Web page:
Pulmonary hypertension during pregnancy is associated with considerable risks of maternal mortality and morbidity. Our systematic review of the literature on the use of targeted treatments for pulmonary arterial hypertension during pregnancy indicates a considerable decrease of mortality since a previous review in 1998 (16% v 38%), and a further non-significant decrease in mortality since the latest review in 2009 (16% v 25%). In addition to the use of targeted treatments, the timely institution of these treatments, and early planned delivery, may contribute to better outcome. Furthermore, research suggests that women with mild pulmonary hypertension or favourable functional class may have a better prognosis, but there is yet no proof of decreased mortality among these women. Despite an improved prognosis, pregnancy is contra-indicated in women with pulmonary hypertension and, when pregnancy occurs, termination should be considered. When pregnancy continues, management by a multidisciplinary team in a specialist centre is indicated.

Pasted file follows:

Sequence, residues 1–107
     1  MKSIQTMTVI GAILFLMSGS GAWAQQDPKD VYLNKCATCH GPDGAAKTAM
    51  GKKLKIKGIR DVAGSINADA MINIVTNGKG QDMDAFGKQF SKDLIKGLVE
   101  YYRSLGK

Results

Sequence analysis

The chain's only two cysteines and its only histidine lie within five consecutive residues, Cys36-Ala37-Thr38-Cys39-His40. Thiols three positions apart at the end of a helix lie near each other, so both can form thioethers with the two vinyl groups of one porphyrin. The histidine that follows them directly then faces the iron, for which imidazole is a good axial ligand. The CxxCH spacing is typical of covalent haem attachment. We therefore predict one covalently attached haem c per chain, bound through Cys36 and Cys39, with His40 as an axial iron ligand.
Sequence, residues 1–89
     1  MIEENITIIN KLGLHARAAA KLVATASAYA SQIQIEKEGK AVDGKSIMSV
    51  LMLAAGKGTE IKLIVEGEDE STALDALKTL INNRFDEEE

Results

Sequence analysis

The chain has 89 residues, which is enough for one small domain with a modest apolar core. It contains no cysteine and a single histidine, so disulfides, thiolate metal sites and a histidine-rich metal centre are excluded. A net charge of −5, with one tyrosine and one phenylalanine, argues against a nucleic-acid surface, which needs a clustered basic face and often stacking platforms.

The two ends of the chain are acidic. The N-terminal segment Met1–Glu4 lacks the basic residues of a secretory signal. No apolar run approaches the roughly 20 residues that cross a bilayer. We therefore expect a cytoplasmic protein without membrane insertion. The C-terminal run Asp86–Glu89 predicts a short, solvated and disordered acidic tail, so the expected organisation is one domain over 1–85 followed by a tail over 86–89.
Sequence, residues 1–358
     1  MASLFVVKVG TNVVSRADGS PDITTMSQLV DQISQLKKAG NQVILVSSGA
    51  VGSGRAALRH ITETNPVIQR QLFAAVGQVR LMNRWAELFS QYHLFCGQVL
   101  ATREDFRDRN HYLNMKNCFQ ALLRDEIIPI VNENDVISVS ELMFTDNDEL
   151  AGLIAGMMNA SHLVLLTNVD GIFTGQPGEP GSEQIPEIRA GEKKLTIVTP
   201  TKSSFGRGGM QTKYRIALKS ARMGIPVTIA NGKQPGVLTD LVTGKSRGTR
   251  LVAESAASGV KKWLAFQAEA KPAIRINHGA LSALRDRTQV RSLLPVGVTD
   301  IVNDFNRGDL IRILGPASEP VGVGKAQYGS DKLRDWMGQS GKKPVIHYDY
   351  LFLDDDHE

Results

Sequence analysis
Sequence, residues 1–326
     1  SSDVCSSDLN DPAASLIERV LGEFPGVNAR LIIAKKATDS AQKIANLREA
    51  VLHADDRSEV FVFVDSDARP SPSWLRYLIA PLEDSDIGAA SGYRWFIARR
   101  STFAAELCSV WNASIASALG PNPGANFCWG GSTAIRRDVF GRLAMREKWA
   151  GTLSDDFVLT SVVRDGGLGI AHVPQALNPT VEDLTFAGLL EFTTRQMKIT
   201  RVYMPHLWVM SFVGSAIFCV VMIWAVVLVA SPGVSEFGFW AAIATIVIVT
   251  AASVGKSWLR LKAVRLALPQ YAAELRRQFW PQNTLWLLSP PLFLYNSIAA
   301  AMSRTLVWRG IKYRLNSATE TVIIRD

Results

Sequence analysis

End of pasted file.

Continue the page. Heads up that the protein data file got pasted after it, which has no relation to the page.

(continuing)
Keywords: Eisenmenger syndrome; heart disease; pregnancy; pulmonary hypertension; treatment.
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